Brent Scowcroft Center Nonresident Senior Fellow Matthew Kroenig writes for the Bulletin of the Atomic Scientists on global disarmament:
This roundtable supposes a tension between the nuclear powers’ stated disarmament goals and their current plans to modernize their nuclear forces. But does such a tension in fact exist? That depends to a large degree on one’s assumptions about how global disarmament, if achievable, will most likely come about.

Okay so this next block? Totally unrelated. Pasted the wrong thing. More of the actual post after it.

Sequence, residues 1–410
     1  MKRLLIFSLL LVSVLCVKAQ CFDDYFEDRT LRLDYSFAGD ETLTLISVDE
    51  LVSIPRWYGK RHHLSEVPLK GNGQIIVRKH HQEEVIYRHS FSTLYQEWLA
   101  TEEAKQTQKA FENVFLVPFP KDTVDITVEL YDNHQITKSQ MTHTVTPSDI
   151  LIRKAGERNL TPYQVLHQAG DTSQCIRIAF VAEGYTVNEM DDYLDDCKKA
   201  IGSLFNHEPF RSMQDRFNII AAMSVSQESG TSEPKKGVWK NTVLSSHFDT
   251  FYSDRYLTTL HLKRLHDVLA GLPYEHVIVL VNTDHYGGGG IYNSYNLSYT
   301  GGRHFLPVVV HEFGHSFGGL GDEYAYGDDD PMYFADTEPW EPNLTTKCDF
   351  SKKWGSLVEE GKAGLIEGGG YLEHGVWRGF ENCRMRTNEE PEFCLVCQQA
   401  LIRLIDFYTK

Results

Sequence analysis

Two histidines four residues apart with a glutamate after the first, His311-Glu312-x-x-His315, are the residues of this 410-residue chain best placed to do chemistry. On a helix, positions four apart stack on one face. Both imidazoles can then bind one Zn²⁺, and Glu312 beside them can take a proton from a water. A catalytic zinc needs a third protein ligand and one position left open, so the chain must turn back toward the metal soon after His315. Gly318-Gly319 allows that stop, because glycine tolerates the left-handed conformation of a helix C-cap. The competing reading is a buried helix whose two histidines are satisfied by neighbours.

Many assume that disarmament will result from a slow, deliberate process in which the nuclear powers sign arms control agreements that gradually reduce the size of nuclear forces—until nuclear weapons no longer exist. This view appears to underlie Eugene Miasnikov and Lu Yin’s Round One essays. Both my roundtable colleagues criticize US modernization plans and argue that the United States should scale back those plans. Lu asserts that the United States (as well as Russia) should follow China’s example in de-emphasizing nuclear weapons. Both authors, meanwhile, raise concerns about US ballistic missile defense and Washington’s conventional Prompt Global Strike program.